Though consumers are told time and again to eat whole grains, it turns out that isn’t a simple decision. A new health breakthrough shows that standards for classifying foods as “whole grain” are inconsistent and even misleading.
One prominent example was the widely-used “Whole Grain Stamp,” which actually identified grain products that were higher in both sugar and calories than products without the stamp. Not good! This study, out of Harvard University, is the first to evaluate how healthy whole grains are based on definitions used by the government and food companies.
RECOMMENDED: Consider switching from rice to this whole grain
Experts say we should get at least three servings of whole grains a day. Doing so helps lower your risk of heart disease, obesity, and type 2 diabetes. But there is no one standard to separate what is refined and what is whole in the grain world.
The study looked at the ways officials and the food industry define “whole:”
• Any product with at least eight grams of whole grains per serving can be marked with the Whole Grain Stamp
• Any product that lists a whole grain as the first ingredient listed is a whole grain
• Any product with a whole grain listed as the first ingredient without added sugars in the first three ingredients
• Any product with the word “whole” before any grain in the ingredient list
• Any product that meets the “10:1 ratio,” meaning total carbohydrates to fiber is less than 10 to 1, about the same ratio as whole wheat flour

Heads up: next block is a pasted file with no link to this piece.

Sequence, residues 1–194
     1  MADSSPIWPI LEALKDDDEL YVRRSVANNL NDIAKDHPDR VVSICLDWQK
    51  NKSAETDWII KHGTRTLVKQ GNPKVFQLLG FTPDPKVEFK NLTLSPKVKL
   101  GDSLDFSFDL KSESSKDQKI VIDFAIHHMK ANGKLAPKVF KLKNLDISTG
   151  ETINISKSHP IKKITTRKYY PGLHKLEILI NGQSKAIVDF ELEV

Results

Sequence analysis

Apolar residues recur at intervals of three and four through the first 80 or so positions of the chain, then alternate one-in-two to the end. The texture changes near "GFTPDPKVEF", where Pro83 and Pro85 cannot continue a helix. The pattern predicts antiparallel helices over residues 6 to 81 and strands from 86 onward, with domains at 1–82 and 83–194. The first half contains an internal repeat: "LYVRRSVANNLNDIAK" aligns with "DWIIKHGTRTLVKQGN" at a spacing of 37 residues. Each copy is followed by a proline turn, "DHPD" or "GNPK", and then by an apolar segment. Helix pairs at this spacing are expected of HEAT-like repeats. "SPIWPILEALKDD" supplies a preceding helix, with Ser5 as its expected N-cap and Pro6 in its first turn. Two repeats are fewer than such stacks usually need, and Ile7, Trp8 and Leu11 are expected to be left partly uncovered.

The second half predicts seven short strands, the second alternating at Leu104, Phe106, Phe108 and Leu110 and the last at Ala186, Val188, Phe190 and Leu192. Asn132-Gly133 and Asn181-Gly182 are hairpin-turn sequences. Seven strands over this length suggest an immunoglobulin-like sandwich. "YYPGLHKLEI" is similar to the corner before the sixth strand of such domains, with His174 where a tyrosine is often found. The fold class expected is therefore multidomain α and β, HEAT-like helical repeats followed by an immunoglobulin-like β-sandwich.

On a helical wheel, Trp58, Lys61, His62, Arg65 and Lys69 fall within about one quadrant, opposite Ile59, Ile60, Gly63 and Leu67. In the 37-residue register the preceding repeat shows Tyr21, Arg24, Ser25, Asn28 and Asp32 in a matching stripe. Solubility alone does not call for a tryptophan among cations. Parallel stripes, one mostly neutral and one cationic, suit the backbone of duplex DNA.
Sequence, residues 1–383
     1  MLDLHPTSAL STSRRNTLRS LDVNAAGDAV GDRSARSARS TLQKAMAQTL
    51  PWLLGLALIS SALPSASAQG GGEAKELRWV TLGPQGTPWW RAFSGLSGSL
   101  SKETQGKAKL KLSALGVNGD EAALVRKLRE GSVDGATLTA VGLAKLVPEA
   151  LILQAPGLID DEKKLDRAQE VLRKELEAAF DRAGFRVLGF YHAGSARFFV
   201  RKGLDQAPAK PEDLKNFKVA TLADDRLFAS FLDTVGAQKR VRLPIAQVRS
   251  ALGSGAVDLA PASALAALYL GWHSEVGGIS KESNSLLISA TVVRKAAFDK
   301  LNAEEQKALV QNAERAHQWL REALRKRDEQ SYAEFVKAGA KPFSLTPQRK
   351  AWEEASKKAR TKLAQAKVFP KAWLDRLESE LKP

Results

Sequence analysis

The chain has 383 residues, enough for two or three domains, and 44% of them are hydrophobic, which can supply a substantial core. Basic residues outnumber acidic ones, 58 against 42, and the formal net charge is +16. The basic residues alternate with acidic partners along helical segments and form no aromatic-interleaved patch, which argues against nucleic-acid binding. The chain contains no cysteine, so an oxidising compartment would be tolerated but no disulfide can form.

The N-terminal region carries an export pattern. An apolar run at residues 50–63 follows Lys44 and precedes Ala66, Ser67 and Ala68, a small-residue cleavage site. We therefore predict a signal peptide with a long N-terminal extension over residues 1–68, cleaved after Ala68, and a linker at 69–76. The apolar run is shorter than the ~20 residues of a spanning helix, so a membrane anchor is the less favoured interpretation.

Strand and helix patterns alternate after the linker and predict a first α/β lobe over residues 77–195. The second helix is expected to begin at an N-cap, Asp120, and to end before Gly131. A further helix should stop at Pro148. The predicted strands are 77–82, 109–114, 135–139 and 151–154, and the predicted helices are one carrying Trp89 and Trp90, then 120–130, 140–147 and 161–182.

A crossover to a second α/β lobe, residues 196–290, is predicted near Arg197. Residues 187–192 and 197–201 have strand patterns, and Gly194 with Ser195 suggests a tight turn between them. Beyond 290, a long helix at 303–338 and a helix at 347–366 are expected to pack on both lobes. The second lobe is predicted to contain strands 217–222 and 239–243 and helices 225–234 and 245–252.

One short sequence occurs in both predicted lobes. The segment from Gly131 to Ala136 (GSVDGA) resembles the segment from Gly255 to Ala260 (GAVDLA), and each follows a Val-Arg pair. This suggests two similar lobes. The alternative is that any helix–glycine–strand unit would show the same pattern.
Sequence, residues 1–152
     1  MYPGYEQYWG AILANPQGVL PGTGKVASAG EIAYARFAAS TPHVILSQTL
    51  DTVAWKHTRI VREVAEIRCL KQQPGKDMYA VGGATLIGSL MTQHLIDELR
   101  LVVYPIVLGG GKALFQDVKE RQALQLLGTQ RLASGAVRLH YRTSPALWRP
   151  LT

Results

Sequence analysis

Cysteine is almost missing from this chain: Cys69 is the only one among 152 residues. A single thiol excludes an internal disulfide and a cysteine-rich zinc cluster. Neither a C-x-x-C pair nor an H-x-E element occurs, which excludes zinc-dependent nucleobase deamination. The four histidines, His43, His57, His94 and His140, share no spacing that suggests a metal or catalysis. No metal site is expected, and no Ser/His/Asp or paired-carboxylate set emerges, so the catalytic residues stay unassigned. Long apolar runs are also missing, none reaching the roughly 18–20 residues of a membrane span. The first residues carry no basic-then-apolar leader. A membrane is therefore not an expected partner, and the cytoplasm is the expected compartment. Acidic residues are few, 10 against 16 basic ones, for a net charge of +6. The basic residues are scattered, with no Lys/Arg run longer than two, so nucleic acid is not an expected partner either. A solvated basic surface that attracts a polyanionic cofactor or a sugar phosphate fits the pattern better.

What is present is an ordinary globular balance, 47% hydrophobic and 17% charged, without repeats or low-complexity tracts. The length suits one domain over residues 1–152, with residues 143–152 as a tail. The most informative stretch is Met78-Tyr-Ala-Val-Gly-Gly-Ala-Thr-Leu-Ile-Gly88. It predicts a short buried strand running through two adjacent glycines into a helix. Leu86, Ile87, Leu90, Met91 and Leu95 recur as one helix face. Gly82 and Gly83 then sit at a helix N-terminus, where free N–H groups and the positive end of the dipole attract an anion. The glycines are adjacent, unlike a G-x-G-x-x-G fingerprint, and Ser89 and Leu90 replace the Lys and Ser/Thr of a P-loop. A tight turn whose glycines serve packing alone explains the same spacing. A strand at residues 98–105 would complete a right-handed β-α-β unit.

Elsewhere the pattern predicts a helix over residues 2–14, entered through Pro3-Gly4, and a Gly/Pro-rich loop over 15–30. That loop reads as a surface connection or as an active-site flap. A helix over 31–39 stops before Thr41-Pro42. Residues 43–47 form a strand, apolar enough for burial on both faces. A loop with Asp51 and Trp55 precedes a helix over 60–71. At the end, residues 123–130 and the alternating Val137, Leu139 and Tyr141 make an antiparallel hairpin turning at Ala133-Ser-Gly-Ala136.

Researchers compiled 545 grain products in two major U.S. grocers. They comprised bread, bagels, English muffins, cereal, crackers, cereal bars, granola bars, and chips.
The products featuring the Whole Grain Stamp (a very commonly used symbol) were higher in fiber and lower in trans fats. But, they had far more sugar and calories than products without the stamp. Cereal, crackers, and cereal bars had mixed performances, none of them perfect.
Researchers found the 10:1 ratio, courtesy of the American Heart Association, to be the best indicator of a grain’s healthfulness. These products were higher in fiber and lower in trans fats, sugar, and sodium, while their calories were not higher than products that didn’t meet the ratio.
For the everyday grocery shopper, this might require a bit of math (which every cell phone can aptly do anyway). If there is less than 10-times the amount of carbohydrates than fiber in a grain product, it is healthy and most likely contains whole grains. For instance, if there were 50 carbs in a serving, there would have to be more than five grams of fiber.
Sources for Today’s Articles:
Why Whole Grains Are So Confusing
Mozaffarian, R., et al., “Identifying whole grain foods: a comparison of different approaches for selecting more healthful whole grain products,” Public Health Nutrition, published online January 4, 2013.